So, if culture is so important, why do fewer than 10 percent of restaurants build a successful one? Like a lot of things in the restaurant industry, you need a solid recipe. Let’s create one:
Step 1: Start With Your Core Values
There’s an old saying that if you don’t know what you stand for, you’ll fall for anything. Core values are the foundation of your brand. When you know your core values, you have a platform you can share with your guests and your team. They become the heart of your culture.
Core values also become a beacon to attract more people to your brand. Are you sustainability-focused? Does the ideology of farm-to-table move you? Are you family-focused?
Like does attract like. Your core values will draw people to you. If you don’t have any core values, you’ll draw those people to you, as well.
Step 2: Set the Standards
Human beings are great mimics. Maybe it’s because our brains are wired that way in order to survive. In your restaurant, your team looks to you as the example. You set the tone every day by the actions you take. Remember, talk is cheap. You get more respect and loyalty from your team by doing what you say you’re going to do, when you’re going to do it, and how you said you would do it. That’s a little core value called “integrity.”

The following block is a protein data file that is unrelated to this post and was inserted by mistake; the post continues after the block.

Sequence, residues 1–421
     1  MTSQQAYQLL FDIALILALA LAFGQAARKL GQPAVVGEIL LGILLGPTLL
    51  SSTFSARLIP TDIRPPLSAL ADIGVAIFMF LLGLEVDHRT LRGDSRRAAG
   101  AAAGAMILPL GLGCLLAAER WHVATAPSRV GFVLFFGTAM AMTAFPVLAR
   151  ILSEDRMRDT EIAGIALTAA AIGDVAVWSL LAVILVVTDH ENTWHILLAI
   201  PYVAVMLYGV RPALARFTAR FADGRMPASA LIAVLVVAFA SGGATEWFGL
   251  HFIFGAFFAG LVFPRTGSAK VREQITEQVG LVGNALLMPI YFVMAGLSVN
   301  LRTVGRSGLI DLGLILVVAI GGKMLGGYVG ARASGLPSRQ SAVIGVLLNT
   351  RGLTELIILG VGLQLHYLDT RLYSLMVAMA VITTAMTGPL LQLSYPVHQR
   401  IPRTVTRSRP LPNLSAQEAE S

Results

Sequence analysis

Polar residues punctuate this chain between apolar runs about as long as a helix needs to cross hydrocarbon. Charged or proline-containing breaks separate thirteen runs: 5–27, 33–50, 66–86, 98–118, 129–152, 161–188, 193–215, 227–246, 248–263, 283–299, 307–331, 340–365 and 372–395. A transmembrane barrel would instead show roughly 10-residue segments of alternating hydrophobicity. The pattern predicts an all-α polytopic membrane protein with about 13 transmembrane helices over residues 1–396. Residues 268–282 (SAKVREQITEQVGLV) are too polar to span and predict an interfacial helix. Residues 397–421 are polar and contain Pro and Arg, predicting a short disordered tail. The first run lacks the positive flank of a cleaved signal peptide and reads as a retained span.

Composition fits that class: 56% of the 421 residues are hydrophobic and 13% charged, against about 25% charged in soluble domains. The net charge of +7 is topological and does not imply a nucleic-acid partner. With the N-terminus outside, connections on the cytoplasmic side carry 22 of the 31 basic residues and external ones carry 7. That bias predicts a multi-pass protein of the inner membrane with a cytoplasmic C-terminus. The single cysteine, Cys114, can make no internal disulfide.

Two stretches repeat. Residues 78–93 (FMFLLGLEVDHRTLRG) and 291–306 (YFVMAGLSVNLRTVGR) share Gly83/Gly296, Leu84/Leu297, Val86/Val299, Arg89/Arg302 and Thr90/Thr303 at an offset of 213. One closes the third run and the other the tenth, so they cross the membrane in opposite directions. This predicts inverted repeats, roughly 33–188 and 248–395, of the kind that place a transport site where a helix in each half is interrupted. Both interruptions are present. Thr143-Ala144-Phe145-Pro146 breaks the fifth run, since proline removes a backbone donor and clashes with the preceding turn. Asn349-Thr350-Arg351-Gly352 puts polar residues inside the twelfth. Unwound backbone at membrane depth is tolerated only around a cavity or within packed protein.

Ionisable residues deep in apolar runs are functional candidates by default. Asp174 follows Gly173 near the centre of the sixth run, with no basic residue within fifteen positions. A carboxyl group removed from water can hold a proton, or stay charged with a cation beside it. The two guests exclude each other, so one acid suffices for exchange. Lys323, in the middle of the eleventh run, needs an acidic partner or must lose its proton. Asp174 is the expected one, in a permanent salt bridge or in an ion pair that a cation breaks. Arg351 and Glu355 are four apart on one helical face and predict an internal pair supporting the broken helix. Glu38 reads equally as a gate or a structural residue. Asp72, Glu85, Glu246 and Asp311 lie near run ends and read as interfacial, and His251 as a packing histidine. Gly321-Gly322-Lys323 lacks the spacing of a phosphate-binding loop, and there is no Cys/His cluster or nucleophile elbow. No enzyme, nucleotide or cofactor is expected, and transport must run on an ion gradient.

Once you set the standards for your restaurant, it is your duty to live them and demonstrate them. If you truly want to create a culture that exceeds ordinary, then you need to expect more from yourself than others do from you. You have to be the first to drink the Kool-Aid before your team will drink from the culture cocktail. Be the leader they want.